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FT Edt. Board on Sanctions (6 August 00)

The Financial Times
Editorial comment: Rethinking Iraqi sanctions
Published: August 6 2000 20:00GMT 
Last Updated: August 6 2000 20:02GMT

A decade after comprehensive United Nations sanctions were imposed on Iraq, the policy has 
succeeded in containing Saddam Hussein. The Iraqi dictator no longer poses a threat to his 
neighbours and without sanctions he certainly would have bolstered his arsenal of weapons of mass 

But the sanctions policy has run out of momentum and the pain it has inflicted on Iraq's 22m 
population has eroded support for it in the Arab world and beyond. Among the UN security council's 
five permanent members, only the US and UK remain staunch backers of the embargo. 

Though contained, Mr Saddam is firmly in control of Iraq. The exiled opposition, on which the US 
says it relies to bring about a change of government, is neither credible nor capable of toppling 

Sanctions were imposed to force Iraq to disarm and UN weapons inspectors have stripped the country 
of most of its deadly weapons. But arms experts have been barred from the country for more than 18 
months. A system of monitoring laboratories and factories which could be turned to weapons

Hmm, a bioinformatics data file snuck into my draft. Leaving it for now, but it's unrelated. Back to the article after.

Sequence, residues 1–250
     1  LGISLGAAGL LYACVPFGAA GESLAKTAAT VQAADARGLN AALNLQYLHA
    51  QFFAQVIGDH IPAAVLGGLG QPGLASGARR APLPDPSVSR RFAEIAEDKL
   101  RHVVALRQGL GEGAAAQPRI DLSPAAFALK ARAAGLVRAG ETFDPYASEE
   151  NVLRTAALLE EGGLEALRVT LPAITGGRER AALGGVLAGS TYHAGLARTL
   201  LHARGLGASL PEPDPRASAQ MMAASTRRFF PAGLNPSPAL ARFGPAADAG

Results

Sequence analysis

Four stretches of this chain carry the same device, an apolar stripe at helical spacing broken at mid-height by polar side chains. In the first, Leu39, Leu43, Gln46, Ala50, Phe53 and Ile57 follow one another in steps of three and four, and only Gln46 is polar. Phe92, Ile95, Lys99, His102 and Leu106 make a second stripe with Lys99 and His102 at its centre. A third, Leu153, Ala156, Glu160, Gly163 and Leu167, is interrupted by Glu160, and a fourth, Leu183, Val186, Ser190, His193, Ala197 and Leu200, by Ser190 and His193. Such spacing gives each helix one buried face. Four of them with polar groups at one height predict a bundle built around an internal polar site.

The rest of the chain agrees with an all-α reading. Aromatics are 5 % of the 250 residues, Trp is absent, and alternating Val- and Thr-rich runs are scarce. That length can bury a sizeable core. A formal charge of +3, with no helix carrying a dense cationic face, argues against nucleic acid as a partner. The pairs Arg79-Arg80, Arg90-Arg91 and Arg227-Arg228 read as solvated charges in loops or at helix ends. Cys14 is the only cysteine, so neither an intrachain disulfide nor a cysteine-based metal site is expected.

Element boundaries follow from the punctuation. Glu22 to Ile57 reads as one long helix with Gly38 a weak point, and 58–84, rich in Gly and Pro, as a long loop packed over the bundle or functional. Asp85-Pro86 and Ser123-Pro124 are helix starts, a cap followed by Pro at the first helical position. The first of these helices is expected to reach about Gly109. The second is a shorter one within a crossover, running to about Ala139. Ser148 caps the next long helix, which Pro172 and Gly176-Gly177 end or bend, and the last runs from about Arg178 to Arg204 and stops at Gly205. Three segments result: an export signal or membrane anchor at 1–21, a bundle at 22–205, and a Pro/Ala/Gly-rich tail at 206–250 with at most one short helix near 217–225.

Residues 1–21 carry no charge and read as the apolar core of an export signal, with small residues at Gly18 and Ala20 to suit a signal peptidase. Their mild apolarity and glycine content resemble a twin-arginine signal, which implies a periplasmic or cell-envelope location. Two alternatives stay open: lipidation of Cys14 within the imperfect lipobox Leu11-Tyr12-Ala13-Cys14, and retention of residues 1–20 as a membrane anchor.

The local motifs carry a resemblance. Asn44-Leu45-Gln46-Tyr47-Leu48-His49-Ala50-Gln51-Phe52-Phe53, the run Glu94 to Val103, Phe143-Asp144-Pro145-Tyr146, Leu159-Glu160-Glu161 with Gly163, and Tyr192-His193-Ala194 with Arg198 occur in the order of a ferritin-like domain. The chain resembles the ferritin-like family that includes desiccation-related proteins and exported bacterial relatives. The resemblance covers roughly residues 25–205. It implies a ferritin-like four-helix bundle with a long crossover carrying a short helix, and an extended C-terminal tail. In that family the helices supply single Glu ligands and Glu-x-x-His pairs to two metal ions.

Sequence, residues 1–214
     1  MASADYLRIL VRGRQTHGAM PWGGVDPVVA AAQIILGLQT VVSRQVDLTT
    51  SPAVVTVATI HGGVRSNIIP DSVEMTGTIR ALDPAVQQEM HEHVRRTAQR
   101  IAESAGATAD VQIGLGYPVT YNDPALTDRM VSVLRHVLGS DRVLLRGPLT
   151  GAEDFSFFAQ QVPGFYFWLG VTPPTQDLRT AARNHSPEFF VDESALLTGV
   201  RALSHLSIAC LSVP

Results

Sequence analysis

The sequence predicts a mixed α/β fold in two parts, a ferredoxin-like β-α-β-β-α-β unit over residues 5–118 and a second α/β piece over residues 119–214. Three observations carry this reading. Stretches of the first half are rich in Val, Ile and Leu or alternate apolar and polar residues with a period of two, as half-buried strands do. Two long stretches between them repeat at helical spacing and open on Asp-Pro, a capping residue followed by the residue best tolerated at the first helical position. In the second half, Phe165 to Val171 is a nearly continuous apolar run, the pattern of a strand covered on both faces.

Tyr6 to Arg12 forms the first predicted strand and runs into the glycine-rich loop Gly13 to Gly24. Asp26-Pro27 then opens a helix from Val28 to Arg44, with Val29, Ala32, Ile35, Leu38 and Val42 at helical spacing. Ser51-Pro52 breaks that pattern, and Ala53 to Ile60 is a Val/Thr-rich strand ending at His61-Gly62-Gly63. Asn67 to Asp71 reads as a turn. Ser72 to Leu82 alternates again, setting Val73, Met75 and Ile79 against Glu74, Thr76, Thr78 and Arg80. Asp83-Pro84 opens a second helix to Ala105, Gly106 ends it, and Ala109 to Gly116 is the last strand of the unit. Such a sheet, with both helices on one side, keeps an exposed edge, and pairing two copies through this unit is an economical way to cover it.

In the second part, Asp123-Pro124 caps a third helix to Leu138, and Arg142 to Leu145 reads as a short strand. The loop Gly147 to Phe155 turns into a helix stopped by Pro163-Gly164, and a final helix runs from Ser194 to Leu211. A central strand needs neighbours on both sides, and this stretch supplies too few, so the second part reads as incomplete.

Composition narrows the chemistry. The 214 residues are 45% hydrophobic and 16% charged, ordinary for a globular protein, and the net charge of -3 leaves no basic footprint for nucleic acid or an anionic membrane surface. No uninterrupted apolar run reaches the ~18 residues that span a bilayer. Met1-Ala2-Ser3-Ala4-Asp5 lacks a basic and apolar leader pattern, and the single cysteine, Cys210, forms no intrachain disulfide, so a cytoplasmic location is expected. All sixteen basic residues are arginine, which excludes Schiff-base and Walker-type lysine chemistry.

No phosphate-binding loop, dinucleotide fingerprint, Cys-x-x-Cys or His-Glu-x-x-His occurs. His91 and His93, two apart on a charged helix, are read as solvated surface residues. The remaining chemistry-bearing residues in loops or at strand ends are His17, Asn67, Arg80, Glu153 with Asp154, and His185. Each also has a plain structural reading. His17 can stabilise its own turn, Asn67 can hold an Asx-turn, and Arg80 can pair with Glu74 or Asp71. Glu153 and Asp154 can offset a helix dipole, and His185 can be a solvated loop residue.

production has been crippled. 

Saddam Hussein must continue to be punished for defying the UN. But it is now worth re-evaluating 
UN policy and looking for ways of putting pressure on the regime without inflicting more suffering 
on the Iraqi population. The UN security council took a first but insufficient step in that 
direction last December when it passed a resolution allowing Iraq to export as much oil as it wants 
under the UN-monitored oil-for- food programme. 

This should ease the pressure on ordinary Iraqis. But it is far from certain that the UN 
bureaucracy has the capacity to administer the plan. And oil-for-food is strictly a humanitarian 
programme that is not designed to rehabilitate the economy or break the isolation of Iraqi society. 

Moreover, Mr Saddam has not accepted the resolution and he has little incentive to agree to a 
return of UN inspectors. The resolution's terms for suspending sanctions are vague and, in any 
case, the US continues to insist that the embargo will be lifted only when the Iraqi strongman is 
removed from power. 

The security council should not be satisfied with this stalemate. It must push for a resumption of 
inspections and renew the monitoring programme which alone can ensure long-term Gulf security. 

Further modifications to the embargo should be examined, including the option of lifting civilian 
sanctions while maintaining a ban on arms sales and financial scrutiny over selected imports. Mr 
Saddam must not be rewarded, but sanctions should target him rather than the Iraqi people.

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